Reading Notes on Abby Covert's How to Make Sense of Any Mess
The Book in a Nutshell: The human race is creating more information than ever before, in the form of signs, articles, websites, apps, and much more — and the world would be a better place if we could all learn a little bit more about how to structure, present, and discuss that information. Also one of the inspirations for How to Get What You Want.
About the Author: I first encountered Abby Covert via a presentation she did with the same name as part of the Blend 2014 conference. She’s the President of the Information Architecture Institute and teaches IA at the Parsons New School of Design. I loved her story-driven, no-nonsense approach to writing about this field and years later she later consulted with Etsy on its website UX which was super cool.
Key Quotes and Insights
1. “The most important thing I can teach you about information is that it isn’t a thing. It’s subjective, not objective. It’s whatever a user interprets from the arrangement or sequence of things they encounter.”
This is a crucial element of the book. Abby defines data as a collection of facts and observations about something, and information as the interpretation of that data. According to this definition, information is subjective, and therefore open to different points of view depending on where you’re coming from. This fact is what complicates communication.
2. “Intent is language … Our language choices change how we use our time and energy. For every word we use to describe where we want to go, there’s another word we are walking away from”
Words matter and selecting the right word focuses our understanding of what we’re making. In Abby’s words, if we’re working toward a video game, we are moving away from building an amusement park. If a product should be simple, that forces it away from being complicated. Focus is good, and selecting the words we use (and don’t use) matter.
3. “What we intend to do determines how we use words like good and bad. … Without a clear definition of what good means, bad can come out of nowhere.”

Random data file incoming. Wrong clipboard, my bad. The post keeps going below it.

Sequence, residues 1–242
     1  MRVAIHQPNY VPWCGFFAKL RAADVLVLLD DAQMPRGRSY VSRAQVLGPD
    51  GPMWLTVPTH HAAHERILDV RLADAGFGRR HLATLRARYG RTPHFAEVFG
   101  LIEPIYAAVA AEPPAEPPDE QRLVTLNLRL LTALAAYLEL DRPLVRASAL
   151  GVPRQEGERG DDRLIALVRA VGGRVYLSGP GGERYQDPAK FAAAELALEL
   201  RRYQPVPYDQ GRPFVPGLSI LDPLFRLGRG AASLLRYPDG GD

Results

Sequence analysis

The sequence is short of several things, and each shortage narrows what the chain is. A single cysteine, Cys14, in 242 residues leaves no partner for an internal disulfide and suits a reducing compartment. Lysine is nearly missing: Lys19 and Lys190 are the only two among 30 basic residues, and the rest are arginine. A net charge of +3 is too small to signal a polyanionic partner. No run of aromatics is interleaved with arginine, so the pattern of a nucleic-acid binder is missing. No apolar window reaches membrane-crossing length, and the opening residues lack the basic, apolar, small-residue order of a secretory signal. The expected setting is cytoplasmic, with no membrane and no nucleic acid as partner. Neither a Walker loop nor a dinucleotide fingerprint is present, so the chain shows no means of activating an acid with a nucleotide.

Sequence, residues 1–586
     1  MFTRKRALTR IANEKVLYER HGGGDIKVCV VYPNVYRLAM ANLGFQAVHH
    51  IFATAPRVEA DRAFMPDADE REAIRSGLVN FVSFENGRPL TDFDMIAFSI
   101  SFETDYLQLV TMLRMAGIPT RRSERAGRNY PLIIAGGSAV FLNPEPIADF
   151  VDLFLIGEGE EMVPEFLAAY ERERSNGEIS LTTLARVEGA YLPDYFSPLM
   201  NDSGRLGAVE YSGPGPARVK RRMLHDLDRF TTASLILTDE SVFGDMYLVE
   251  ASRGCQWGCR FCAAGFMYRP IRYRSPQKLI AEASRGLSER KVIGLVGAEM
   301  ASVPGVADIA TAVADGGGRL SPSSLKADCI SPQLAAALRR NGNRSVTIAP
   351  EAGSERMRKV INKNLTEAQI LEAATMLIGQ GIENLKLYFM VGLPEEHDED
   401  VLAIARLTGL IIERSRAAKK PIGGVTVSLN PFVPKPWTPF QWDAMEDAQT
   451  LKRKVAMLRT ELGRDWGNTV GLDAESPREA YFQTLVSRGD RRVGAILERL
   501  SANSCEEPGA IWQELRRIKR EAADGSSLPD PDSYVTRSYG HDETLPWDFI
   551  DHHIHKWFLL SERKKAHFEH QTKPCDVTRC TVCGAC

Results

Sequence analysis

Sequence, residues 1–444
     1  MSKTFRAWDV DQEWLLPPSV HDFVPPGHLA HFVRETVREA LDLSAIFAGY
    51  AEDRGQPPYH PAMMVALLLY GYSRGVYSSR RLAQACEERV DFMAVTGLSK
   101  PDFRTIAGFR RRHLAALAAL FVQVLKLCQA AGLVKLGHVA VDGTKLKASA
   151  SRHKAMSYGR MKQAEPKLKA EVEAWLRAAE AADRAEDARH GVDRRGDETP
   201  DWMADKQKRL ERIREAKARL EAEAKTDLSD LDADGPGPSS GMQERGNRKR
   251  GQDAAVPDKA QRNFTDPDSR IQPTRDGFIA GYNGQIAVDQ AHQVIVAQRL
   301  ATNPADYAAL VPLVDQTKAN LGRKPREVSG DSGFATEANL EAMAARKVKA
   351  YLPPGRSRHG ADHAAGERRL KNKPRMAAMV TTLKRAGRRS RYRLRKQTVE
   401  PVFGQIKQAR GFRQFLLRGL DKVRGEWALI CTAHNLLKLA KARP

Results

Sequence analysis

We all tend to have strong reactions to the things we’re presented, whether that’s an app, a meal, an article, a piece of furniture. And it’s easy to jump ahead and say the negative reactions indicate that whatever we’re looking at is bad. But we have to define good and bad before we can label anything as such.
4. “Understanding the why behind what you’re making allows you to uncover your intent and potential. When everyone knows why they’re doing something, the way forward is clearer and each person can understand their individual responsibilities.”
Related to idea of understanding what your goals are, making sure you all understand why you’re working on your projects, who it matters for, and what effect it will have on them can be powerful motivators. Clarity leads to purpose.
5. “Objects let us have deeper conversations about reality. When you discuss a specific subject, you subconsciously reference part of a large internal map of what you know. Other people can’t see this map. It only exists in your head, and it’s called your mental model. We create objects like maps, diagrams, prototypes, and lists to share what we understand and perceive. Objects allow us to compare our mental models with each other.”
I learned this in my last role at the Smithsonian. Creating even simple wireframes and mockups beats the pants out of having a long hand-gesture powered conversation about an idea. We are visual beings and diagrams and sketches really go a long way increasing understanding.
6. “The first step in understanding how something is performing is to measure it as it is. A baseline is the measurement of something before changing it. Without baselines, assumptions will likely lead us in the wrong direction.”
It’s so easy to get wrapped in how our next big thing is going to sweep the internet, or at the very least, blow the pants off the old version. Collecting good baselines and comparing is the best way to get back in touch with reality.
7. “Flags tell us if we’re headed in the right direction. Flags are useful because they allow us to know when something important happens. We can attach a flag to most indicators.”
As we start measuring and monitoring the state of our stuff, we can use flags, or what Dan and Chip Heath might call “tripwires” to keep us notified of important changes to our project, our application, our lives. Flags include letting me know the download is complete, getting a text when my Lyft driver is here, or getting my pay stubs in the mail.